When I was a kid, I knew at least two guys with flaming skull tattooes. (In fact, my younger cousin Elwood, now a motorcycle mechanic on the West Coast, eventually got one of his own.) Given the time frame, I can’t be sure whether those tattooes were inspired by Ghost Rider or vice versa, but I can tell you that the image of the skull-headed biker has endured through 40 years of changing fortunes and revamps. (I have to admit that I have always had a profound distaste for Danny Ketch’s adventures and motorcycle. I suspec it has to do with my love of Johnny Blaze as GR…) Either way, the idea of someone who is cursed and uses the abilities the curse provides to fight for good is as strong an idea as the burning skull is an image, and no amount of cheesy Nicholas Cage mugging has been able to kill the character’s appeal.
“There’s A Man Who Controls Your Dreams!”
Neil Gaiman’s masterful tale takes legends and lore and turns it into an epic sprawling tale of the man that mortals have come to call The Sandman…
Wait… Wrong Sandman. Although, come to think of it, he does have a close relationship with a Raven, too. Hmmm… The story of Morpheus (more than god, but less than a man) and his journeys through the world allowed Neil to play with pretty much any concept he wanted, from old comics to legends of lost civilizations to the alienation of modern society. More than just “a guy who can see your dreams,” Morpheus becomes a tragic presence, a central character whose own nature and unwillingness to admit his flaws lead to his own downfall. Like any good tragedy, Morpheus sees his doom, could actually act to stop it, but chooses not to, and the story that unfolds around him isn’t so much about him as it is about everyone. I still don’t know why someone hasn’t tried to ruin this story with a movie version…
“Robots… IN DISGUISE!!”
Man, 1982 was a great year. We had Snake-Eyes and his pals, we had the Fifth Doctor, and we had robots everywhere. I remember reading about the upcoming Transformers series in the Bullpen Bulletins page, and discussing with my cousin Elwood what a cool idea a robot who could become a machine was. I clearly remember our discussion of whether a robot who turned into a washing machine would be awesome or not. (It would, by the way.) When the cartoon series kicked off, I was overwhelmed by a wave of awesome that couldn’t be stopped, not by alternate futures where Judd Nelson got the Touch, not by assassinations of Optimus, not even by the fact that Cobra Commander and Starscream were the same voice. (And by the way, not since the Smurfs has there been a more amazingly diverse and versatile voice cast…) Even if you can’t stand the recent live-action (although neither of those words is 100% descriptive of the Shia and Megan) version, you can’t avoid their pervasiveness or the fact that they made more money than you or I will see in a lifetime. More than meets the eye, indeed…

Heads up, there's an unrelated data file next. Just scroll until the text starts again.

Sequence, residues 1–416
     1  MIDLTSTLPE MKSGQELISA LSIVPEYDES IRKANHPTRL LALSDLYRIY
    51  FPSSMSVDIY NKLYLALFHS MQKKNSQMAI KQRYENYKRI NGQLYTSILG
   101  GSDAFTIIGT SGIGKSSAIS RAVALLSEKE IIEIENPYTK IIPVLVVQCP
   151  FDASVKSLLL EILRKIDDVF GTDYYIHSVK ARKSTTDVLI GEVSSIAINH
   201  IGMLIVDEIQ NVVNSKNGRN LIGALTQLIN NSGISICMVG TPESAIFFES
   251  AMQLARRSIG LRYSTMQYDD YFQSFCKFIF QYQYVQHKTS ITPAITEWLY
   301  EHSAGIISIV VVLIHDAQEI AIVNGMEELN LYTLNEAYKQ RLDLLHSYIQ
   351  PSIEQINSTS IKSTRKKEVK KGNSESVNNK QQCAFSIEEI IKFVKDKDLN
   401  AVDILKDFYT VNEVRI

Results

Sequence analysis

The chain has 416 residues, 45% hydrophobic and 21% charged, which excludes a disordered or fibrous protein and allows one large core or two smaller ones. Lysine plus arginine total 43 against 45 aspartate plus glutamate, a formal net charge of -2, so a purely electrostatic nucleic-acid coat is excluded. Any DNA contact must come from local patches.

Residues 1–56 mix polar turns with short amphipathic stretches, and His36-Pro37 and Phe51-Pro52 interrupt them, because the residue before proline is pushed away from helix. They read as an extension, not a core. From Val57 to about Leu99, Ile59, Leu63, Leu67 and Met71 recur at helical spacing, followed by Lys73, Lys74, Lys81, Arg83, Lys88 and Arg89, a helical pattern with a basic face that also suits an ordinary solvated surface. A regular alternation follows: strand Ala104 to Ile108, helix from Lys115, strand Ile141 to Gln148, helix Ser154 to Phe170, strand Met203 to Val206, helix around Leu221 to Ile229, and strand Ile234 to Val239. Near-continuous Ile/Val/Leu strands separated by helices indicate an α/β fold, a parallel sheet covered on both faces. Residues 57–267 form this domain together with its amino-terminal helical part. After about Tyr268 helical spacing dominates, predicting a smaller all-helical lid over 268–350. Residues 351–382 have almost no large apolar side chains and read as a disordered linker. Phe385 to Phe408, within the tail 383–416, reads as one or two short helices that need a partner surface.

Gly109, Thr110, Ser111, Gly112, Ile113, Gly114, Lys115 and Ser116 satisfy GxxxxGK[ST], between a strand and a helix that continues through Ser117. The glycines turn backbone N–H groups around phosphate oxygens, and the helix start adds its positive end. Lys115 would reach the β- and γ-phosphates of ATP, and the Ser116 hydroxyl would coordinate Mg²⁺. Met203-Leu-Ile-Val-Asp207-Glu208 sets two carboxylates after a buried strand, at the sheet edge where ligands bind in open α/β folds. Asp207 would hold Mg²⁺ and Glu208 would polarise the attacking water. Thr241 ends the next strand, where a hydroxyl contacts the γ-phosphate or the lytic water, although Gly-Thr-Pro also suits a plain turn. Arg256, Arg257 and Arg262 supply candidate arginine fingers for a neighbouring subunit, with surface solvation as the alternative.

“Future Kids Think You’re Cool!”
It’s a simple hook, really, a very Silver Age premise: Heroes come to try and make Tom Welling qualify for THEIR club, like they don’t already know he’s the greatest of all greats and all the kids should love him. The heartless pranks that the LSH play on young Clark in this issue are pretty true to adolescent life, and the twist ending is cute as well. There’s no reason why this should have been anything more than a Mod Gorilla Boss or Ant-Head Superman issue, but somehow it was. The idea of a group of heroes in the far-flung future who have rocket ships and cool belts and funny helmets struck a chord, and fifty years down the line, they’ve gotten their sixth or seventh #1 issue and a huge profile in the DC Universe. Not bad for three kids that I’m sure Mort and company just dreamed up on a weekday afternoon to fill a ten-pager by deadline…
“It’s Bigger On The Inside…”
Barring things like “Meet The Press” or some of the dinosaury soap operas currently extant, it’s rare for a show to run more than fifteen or so seasons in America… The Simpsons is pushing 21 years, I think, and Law & Order just got cancelled in the season where it tied Gunsmoke’s record for longest-running drama series. But let’s talk about the success of Doctor Who. In Britain, those sorts of runs are nearly unheard of, but Doctor Who ran from 1963 to 1989 without pause, and then the new series picked up in 2005. The simplest of concepts, (“Man wanders the universe and helps people, having adventures”) the stories of the Doctor have many brilliant fiddly bits to them. Regeneration is an incredible idea. The Sonic Screwdriver is a fun bit. The conceit of the companions travelling with the Doctor, and the changing dynamics of the crew of the TARDIS, also neat. But the one that hooks it all together, the one idea that has never been equalled or ripped off as successfully as it is done here is the concept that the tiny phone box is a tesseract, bigger on the inside. That one bit of storytelling is what really sets Doctor Who apart from other series of the “time-travelling fix-it man” ilk. (Marvel’s Exiles, Quantum Leap, Sliders and others have all taken bits of Doctor Who successfully.) Even Bill and Ted’s phone booth was finite in dimension, and the moment where a new companion babbles, “It’s bigger on the inside?” is as much a tradition as reversing polarities or jelly babies ever were…
Faithful Spoilerite Question Of The Day: What other Cool Concepts can you think of that are merely Silly Ideas turned on their heads?